Elon Musk needs ‘massive loan’ or big Tesla stock sale to buy Twitter
Even for the world’s richest person, $43 billion is a steep price.
Even for the world's richest person, $43 billion is a steep price.
Elon Musk's proposed all-cash offer to buy Twitter Inc. represents about one-sixth of his $250.6 billion fortune. Yet the vast majority of that wealth is tied to his stake in Tesla Inc., the electric carmaker he co-founded that has surged in value over the past two years and lifted him to the top of the Bloomberg Billionaires Index.
The purchase isn't straightforward, but Musk has several financing paths. One option is to sell his Tesla shares outright. Another is borrowing against them to stage a leveraged buyout, possibly with outside partners. Musk, 50, currently has about $3 billion in cash or other somewhat liquid assets after spending $2.6 billion buying a 9.1% stake in Twitter in recent months, according to Bloomberg calculations.
For Musk to raise the additional $36 billion in cash needed to buy the rest of Twitter would require selling about 36.5 million Tesla shares, or more than a fifth of his stake. Such an exit could risk a slide in the company's share price -- not to mention potentially raise questions about the commitment, financial and otherwise, of its chief executive officer.
His other option is to borrow against his positions in Tesla and space exploration company SpaceX.
“This becomes a hostile takeover offer which is going to cost a serious amount of cash,” said Neil Campling, head of TMT research at Mirabaud Equity Research. “He will have to sell a decent piece of Tesla stock to fund it, or a massive loan against it.”
But even for the wealthiest person in the world, there are limits: The Bloomberg index estimates that he's already borrowed about $20 billion against his shares, leaving about $35 billion remaining that he could theoretically take out against the two holdings.
“Musk's ‘best and final' $43 billion non-binding offer has numerous conditions, including completion of financing, which we believe give it a low probability of success,” Robert Schiffman, a Bloomberg Intelligence senior credit analyst, wrote Thursday in a report.
Twitter shares fell 1.7% Thursday in New York, closing at $45.08. Musk offered $54.20 per share in cash. Tesla shares declined 3.7%.
Musk had 52% of his Tesla shares pledged as of June 30, according to the company's most recent proxy filing. The maximum that can be borrowed against pledged shares is 25% of their value, according to a Tesla policy.
Since then, Musk has increased his share count by exercising options. His 172.6 million shares are worth $170 billion, meaning he could theoretically borrow $42.5 billion by pledging all of them.
Musk said in December 2019 that he had also pledged some of his SpaceX shares. His 47% stake in the company is worth about $47.5 billion, based on its October 2021 funding round. If there's a similar maximum loan-to-value ratio, he could raise another $12 billion by fully pledging his SpaceX position -- although banks tend to be much more cautious funding a privately held position, given the lack of liquidity.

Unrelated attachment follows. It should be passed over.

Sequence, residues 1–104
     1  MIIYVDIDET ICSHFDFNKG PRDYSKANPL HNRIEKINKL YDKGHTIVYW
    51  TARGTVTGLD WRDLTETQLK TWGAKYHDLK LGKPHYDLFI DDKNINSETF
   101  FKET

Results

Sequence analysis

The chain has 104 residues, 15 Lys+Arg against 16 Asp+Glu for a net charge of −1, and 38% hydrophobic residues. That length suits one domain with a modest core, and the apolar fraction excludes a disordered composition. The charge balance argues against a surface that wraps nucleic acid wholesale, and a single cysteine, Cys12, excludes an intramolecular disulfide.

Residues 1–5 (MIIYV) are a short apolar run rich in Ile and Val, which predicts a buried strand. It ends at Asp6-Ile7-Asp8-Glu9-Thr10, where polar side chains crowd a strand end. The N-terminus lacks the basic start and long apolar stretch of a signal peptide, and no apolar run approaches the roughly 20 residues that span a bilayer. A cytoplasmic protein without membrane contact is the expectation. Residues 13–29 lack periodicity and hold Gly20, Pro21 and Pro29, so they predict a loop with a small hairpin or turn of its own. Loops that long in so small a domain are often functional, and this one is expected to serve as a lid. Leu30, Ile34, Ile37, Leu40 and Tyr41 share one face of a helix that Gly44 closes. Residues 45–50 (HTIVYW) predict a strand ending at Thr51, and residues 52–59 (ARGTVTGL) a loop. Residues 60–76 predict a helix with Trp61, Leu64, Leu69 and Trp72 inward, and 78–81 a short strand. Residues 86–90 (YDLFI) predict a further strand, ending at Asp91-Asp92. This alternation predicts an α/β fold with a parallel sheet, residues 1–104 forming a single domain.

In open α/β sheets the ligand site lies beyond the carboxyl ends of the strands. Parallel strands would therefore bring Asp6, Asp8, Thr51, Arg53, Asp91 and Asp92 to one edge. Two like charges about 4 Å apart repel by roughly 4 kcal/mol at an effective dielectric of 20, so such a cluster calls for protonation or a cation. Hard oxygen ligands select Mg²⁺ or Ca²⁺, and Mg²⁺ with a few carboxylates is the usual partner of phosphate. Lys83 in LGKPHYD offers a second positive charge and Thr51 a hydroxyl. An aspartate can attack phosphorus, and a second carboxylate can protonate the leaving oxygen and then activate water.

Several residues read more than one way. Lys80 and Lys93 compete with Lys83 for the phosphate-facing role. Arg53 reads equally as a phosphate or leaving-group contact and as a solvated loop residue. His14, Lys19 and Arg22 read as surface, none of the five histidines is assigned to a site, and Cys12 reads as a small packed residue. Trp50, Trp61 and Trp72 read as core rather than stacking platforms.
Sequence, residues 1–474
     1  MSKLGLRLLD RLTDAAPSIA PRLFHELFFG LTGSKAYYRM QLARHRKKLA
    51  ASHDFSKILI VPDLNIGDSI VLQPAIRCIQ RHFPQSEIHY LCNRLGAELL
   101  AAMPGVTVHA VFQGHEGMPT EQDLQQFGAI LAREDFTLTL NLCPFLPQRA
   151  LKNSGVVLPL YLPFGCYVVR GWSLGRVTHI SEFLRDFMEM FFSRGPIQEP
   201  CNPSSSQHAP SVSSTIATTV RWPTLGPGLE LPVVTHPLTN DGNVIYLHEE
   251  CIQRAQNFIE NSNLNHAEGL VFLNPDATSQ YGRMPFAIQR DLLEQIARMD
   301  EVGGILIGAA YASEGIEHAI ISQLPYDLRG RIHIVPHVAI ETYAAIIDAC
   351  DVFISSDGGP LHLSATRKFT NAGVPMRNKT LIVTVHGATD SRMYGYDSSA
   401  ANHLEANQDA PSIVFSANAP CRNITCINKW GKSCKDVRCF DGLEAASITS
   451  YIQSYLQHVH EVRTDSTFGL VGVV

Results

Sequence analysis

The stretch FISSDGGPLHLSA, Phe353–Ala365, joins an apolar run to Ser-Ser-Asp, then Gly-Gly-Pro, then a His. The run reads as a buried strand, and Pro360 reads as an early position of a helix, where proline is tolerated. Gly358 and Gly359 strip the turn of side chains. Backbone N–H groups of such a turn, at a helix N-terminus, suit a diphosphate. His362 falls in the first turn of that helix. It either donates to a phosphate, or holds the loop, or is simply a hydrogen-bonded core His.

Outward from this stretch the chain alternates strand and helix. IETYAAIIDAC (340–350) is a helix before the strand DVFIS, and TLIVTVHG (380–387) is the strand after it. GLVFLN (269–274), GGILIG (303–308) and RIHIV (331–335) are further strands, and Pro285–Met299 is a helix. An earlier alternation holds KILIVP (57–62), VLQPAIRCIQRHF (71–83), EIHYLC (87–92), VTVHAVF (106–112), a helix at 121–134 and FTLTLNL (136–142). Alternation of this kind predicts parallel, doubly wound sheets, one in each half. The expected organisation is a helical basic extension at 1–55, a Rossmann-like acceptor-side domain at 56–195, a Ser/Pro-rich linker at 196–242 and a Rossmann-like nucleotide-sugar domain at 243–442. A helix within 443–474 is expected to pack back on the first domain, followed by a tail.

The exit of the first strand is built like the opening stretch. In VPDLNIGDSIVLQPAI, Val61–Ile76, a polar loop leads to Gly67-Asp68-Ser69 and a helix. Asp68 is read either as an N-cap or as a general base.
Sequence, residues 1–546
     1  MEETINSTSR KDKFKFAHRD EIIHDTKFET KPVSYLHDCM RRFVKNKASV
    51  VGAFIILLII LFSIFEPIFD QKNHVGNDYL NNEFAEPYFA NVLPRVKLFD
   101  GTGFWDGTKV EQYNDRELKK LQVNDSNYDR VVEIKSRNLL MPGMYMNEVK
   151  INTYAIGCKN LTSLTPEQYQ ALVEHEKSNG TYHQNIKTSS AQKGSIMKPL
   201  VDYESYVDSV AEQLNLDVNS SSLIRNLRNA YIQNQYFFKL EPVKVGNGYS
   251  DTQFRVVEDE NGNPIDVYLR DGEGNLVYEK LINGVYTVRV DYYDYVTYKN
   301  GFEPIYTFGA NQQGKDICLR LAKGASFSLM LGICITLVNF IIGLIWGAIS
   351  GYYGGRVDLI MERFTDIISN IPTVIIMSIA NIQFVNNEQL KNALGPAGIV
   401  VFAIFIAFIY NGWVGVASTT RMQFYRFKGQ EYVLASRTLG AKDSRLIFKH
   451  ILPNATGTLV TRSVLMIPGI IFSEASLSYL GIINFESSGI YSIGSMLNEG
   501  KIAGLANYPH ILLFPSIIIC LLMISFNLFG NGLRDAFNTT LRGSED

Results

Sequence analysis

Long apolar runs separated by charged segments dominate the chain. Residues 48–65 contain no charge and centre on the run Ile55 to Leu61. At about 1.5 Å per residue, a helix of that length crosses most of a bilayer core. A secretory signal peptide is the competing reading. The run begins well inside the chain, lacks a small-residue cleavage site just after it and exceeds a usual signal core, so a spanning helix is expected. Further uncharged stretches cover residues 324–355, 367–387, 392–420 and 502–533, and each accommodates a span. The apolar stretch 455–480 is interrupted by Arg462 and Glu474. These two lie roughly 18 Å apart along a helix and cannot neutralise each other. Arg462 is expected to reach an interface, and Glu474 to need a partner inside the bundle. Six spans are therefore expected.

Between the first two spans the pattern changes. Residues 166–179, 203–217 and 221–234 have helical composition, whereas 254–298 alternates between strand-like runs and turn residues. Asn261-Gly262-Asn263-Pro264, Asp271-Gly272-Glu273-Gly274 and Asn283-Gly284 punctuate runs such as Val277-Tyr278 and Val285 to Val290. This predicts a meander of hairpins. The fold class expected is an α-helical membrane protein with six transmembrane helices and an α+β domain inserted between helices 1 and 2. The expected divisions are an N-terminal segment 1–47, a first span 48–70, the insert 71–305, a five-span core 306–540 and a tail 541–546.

Also, Musk has Tesla options worth $54.1 billion that he might be able to borrow against.
Musk said at a TED event in Vancouver on Thursday that he may seek to keep as many as 2,000 existing Twitter investors, reducing the cash he'd need to take it private.
“The intent is to retain as many shareholders as is allowed by the law,” he said, adding that he “could technically afford” the full purchase price.
After Saudi Arabia's Prince Alwaleed bin Talal tweeted that the offer wasn't “close to the intrinsic value” of Twitter, Musk asked how many shares the billionaire held in Twitter and for the Kingdom's view on freedom of speech for journalists.
Bank of America Corp., Goldman Sachs Group Inc. and Morgan Stanley were three of the banks that provided Musk personal loans, according to a 2020 Tesla filing. He has hired Morgan Stanley to advise on the Twitter bid, and his family office, Excession, is run by longtime adviser Jared Birchall, a former Morgan Stanley banker.
No matter how he goes about it, buying all of Twitter would be a stark shakeup of Musk's empire. His purchase of a 9.1% stake, first disclosed last week, marked his first significant diversification outside of Tesla and SpaceX.
“I am not playing the back-and-forth game,” Musk said in Thursday's filing. “I have moved straight to the end. It's a high price and your shareholders will love it. If the deal doesn't work, given that I don't have confidence in management nor do I believe I can drive the necessary change in the public market, I would need to reconsider my position as a shareholder.”
Musk has played up his devotion to both Tesla and SpaceX, frequently tweeting about their achievements and claiming to sleep on the floor of a Tesla factory to set an example to his employees. Meanwhile, since disclosing his stake in Twitter, he has appealed to fellow users about potential moves and in one case suggested the website might be dying, given the lack of tweets from some celebrities.
In recent years, Musk has indicated he's streamlining at least some aspects of his financial affairs. He's sold multiple mansions in California after vowing to “own no home,” in 2020. He currently lives in Texas, where he relocated the headquarters of Tesla last year.